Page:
By Paul Sands of Stokvis Energy Systems
The information super-highway, or Internet as we now refer to it, has revolutionised our lives, from the way we access data and daily news, to how we shop or book a holiday. It can even enable you, given the right control systems built into a dwelling, to switch on the heating before you get home using your mobile phone.
The fact is though, that most domestic heating systems are stuck somewhere in the second half of the 20th century, with millions of households still running standard efficiency, rather than high efficiency or condensing boilers.
The Climate Change Act and associated initiatives such as the Code for Sustainable Homes, with its stepped carbon reduction targets, enshrined in successive revisions for Approved Document L to the Building Regulations, are driving the uptake of both high efficiency heating systems and renewable technologies. Amongst the latter, biomass boilers, heat pumps and CHP (combined heat and power) units are proving increasingly attractive as we approach the 2016 deadline for building only near to zero carbon dwellings.
So while the ubiquitous ‘combi’ boiler remains the source of heat and domestic hot water (DHW) in homes as diverse as character cottages and high rise flats, M&E consultants and building specifiers are generally seeking far more advanced solutions to improve the SAP rating for their proposed properties.
The UK’s record regarding the adoption of district or ‘community’ heating systems is in many cases not a happy one, with estates relying on centralised boiler plant having suffered from leaks and heat loss through the distribution mains; or even infestations by pharaoh ants, living in the pipe lagging.
In contrast to the way our politicians perform, amongst heating engineers ‘lessons have been learned’ and there are now numerous examples in both the domestic and commercial spheres where centralised plant successfully provides heating and hot water across sites of varying scale. This renewed popularity is well founded because when correctly specified and installed they offer significant economic and practical benefits over individual heating systems, including the straightforward incorporation of solar thermal energy. Pivotal to these improvements has been the advent of sophisticated heat interface units or HIUs.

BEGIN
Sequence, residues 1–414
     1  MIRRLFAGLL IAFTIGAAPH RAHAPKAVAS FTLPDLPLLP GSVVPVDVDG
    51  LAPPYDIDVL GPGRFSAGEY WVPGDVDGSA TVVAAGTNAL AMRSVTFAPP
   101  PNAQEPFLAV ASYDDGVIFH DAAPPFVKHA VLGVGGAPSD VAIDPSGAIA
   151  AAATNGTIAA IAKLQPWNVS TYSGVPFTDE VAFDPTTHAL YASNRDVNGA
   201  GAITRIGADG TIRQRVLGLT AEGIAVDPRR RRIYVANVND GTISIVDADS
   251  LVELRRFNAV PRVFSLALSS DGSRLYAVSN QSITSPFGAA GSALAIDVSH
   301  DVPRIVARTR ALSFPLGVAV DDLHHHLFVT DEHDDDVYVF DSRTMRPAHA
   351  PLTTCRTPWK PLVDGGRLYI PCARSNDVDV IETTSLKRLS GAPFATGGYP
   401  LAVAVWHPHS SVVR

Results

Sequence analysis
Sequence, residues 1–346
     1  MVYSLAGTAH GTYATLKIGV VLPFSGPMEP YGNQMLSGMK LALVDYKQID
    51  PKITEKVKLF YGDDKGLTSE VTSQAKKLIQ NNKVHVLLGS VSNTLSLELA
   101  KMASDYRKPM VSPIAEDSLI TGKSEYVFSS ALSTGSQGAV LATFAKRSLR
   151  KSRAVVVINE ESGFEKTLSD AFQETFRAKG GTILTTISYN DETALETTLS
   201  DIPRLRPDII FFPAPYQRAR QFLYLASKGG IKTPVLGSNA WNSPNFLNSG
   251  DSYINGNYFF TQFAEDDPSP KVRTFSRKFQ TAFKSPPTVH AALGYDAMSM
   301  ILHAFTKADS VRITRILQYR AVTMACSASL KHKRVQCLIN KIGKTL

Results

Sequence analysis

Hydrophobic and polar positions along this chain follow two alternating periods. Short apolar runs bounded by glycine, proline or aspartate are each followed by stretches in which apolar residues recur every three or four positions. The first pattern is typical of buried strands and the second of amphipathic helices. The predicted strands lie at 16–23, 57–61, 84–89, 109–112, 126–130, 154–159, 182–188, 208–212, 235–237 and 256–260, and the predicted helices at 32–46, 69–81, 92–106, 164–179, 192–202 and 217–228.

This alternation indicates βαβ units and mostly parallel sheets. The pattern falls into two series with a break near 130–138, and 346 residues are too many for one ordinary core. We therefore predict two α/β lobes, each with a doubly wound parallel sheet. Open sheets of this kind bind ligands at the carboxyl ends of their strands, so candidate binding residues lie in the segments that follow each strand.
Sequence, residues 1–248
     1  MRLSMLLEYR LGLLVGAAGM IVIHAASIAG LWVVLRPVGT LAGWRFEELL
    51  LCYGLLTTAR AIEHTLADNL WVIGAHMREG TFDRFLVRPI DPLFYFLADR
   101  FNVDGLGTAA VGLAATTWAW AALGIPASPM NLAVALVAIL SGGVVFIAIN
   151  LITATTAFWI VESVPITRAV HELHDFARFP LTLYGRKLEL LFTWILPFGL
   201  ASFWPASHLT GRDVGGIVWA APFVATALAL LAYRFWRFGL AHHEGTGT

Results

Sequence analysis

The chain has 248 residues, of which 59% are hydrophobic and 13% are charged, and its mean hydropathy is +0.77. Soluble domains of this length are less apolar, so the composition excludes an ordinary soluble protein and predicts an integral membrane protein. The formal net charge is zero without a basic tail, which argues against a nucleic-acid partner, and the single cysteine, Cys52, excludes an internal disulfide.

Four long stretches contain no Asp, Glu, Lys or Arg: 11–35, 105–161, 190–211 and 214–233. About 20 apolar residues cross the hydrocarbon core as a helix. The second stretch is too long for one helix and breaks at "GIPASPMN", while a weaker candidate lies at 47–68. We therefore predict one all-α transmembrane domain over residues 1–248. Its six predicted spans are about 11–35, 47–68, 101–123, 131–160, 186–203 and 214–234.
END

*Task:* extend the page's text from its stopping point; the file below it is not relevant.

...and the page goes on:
If we consider a tower block, a sheltered housing development or student cluster flats, installing individual boilers, or heat pumps, in every dwelling represents not just a very considerable capital cost, but also a continuing maintenance burden. Indeed across the affordable housing sector, gaining access to properties to carry out annual gas inspections is amongst the organisations’ most onerous responsibilities. Tenants resent what they see as an intrusion or have something to hide and RSLs resort to legal action or have to fit safety cut-out devices which will shut down the boiler if it isn’t serviced within a 12-13 month period.
With a communal or district system, properties are fed by low or medium temperature mains that will typically feature two or more high performance commercial boilers, located in a basement or purpose designed modular plant room. A cascade set up is also advantageous.
Gas no longer has to be taken into each dwelling while, without individual flues being required, the deadly risk of carbon monoxide along with the expense of maintaining alarms is avoided. Doing away with the vent terminals also tidies up the exterior appearance and negates the unsightly problem of pluming.
The very viable alternative is to install a heat interface unit, either within the dwelling – probably in the kitchen or a service cupboard – or in a dedicated cabinet opening onto the communal corridor. This way the heating engineer can gain access for servicing even if the tenant is away from home.
Water from the primary circuit passes through the HIU, featuring integral plate heat exchangers, which then transfers energy to the secondary circuit where it is used to generate space heating and domestic hot water. And the latter can be done directly rather than having to take up valuable space with a dedicated storage cylinder.
Whereas early district heating installations – such as the notorious St Anne’s scheme in Nottingham – offered residents very poor control over the heat delivered, and necessitated a flat rate charging arrangement, the modern HIU encompasses accurate heat metering. This means customers can be billed for exactly the amount of energy they have consumed, while the Internet allows this measurement to be carried out remotely, offering a further cost saving.
These advantages are a reality already, but as the designs for residential properties embrace the Government’s ambition for near to zero carbon living, the attributes of heat interface units become even more attractive.
Very low U-values for the building envelope have the effect of cutting the space heating requirements down to levels as low as 0.5-5kW; output levels where conventional combination boilers will struggle to operate properly. Constant on-off cycling can cause unnecessary wear, while producing sufficient domestic hot water is still likely to require a 30kW model to be used.
The combination of increased efficiency, practicality and safety with greatly reduced maintenance requirements makes a compelling argument in favour of heat interface units.